This is the first of a three article mini-series focusing on Amphibious Ship readiness by Alpha sub Oscar…
Spend any time researching Marine Corps leadership concerns regarding naval readiness and you will see a familiar refrain of lamentations: Not enough ships (down to 31 this year with a USN-USMC agreed requirement of 38); Insufficient C2 / C5I capability and capacity; Threat pushing amphibious standoff ranges further and further out. The problem set is compounded by an unprecedented fiscal crisis affecting everything from new ship procurement to maintenance / modernization and no relief in Geographic Combatant Commander (GCC) demands for naval amphibious forces. Decades of lower amphibious prioritization have helped to create this readiness predicament; solving the conundrum will require significant investment and coordinated decisions across the Navy / Marine Corps to restore readiness while meeting the most critical of GCC requirements.
To improve materiel readiness of the in-service amphibious fleet and balance the books, US Naval leadership offered a straw-man course of action (COA) to Congress: place three amphibious landing docks (LSD) into “phased modernization:”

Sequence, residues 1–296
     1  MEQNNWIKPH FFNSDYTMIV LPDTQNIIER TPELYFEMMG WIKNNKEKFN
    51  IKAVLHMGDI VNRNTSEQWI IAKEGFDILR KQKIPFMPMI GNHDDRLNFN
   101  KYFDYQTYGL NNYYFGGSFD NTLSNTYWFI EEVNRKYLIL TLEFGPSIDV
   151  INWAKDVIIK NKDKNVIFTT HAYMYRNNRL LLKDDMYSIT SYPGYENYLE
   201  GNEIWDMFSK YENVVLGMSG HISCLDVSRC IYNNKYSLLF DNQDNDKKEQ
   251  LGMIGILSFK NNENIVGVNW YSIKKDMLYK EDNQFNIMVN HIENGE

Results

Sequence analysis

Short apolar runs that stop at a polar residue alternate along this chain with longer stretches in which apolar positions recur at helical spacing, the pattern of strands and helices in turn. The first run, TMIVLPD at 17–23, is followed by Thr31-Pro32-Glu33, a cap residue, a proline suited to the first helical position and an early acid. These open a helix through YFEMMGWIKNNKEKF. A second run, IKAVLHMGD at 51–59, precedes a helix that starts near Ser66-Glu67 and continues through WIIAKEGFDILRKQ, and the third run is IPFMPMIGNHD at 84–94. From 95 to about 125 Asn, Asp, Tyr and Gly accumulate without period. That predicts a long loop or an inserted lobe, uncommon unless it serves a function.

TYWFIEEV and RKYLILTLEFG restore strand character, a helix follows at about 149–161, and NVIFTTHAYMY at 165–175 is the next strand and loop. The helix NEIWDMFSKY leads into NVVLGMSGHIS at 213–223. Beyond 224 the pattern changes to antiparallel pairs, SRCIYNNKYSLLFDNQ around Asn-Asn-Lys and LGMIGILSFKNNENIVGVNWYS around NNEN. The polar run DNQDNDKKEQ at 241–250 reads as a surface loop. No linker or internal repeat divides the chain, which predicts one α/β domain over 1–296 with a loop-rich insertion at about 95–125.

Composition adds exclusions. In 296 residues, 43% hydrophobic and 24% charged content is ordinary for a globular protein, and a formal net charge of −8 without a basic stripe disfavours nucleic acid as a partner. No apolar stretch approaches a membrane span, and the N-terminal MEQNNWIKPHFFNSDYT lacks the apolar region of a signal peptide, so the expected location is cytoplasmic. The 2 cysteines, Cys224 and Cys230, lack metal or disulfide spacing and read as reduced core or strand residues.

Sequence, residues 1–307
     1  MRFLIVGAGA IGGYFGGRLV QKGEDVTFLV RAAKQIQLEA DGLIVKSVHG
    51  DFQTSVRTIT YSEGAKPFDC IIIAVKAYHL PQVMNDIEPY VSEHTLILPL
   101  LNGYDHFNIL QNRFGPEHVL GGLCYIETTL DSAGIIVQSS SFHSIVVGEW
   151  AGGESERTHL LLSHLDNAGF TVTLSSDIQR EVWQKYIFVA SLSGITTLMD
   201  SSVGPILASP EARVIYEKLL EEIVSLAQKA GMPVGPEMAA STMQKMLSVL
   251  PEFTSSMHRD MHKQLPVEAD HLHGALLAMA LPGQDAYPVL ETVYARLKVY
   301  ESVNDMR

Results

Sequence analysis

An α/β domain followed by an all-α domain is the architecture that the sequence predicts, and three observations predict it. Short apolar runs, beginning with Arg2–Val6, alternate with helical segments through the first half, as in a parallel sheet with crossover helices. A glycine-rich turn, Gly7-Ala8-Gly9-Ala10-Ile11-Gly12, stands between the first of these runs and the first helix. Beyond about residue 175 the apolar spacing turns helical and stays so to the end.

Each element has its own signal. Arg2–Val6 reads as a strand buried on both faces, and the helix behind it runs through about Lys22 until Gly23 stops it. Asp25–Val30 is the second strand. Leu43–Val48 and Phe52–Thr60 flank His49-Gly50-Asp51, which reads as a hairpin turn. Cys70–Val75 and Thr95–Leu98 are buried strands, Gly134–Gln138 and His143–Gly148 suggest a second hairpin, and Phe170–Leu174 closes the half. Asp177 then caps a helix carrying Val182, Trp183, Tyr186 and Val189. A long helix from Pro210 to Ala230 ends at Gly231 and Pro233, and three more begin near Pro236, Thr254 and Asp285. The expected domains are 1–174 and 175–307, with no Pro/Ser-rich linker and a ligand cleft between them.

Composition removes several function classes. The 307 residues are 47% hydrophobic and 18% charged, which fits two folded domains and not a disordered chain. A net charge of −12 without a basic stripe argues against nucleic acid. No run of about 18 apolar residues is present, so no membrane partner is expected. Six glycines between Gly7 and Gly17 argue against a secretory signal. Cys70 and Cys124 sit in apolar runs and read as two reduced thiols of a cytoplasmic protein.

“Similar to the CG ‘phased modernization’ plan, the LSD plan avoids approximately $128 million across the FYDP in operating and maintenance and an end strength increase of approximately 300 people (approximately $110 million over the FYDP) for the one LSD that will be in this category during the PB-15 FYDP. This plan adds 35 operational “ship years” and sustains the presence of the Whidbey Island class in the Battle Force through 2038.”
At first blush, the COA is a throw-away. As stated by III Marine Expeditionary Force commander Lieutenant General John Wissler, the GCC requirement for amphibious ships is actually 50, not 38. How could Congress justify laying up a ship—decommissioning it in all but name only—for an extended period of time when a gap of 12 amphibious ships already exists? Major General Robert Walsh, director of the Chief of Naval Operations Expeditionary Warfare Division stated in a National Defense interview that the inventory shortage is not the only issue at hand.
“A low inventory is only part of the problem. Amphibious ships stay forward-deployed longer because of high demand, leading to missed or shortened maintenance period where only a portion of scheduled work is completed. The ships have been run hard, and as you run them hard, you see the availability, the readiness rates start to go down…it’s a vicious cycle.”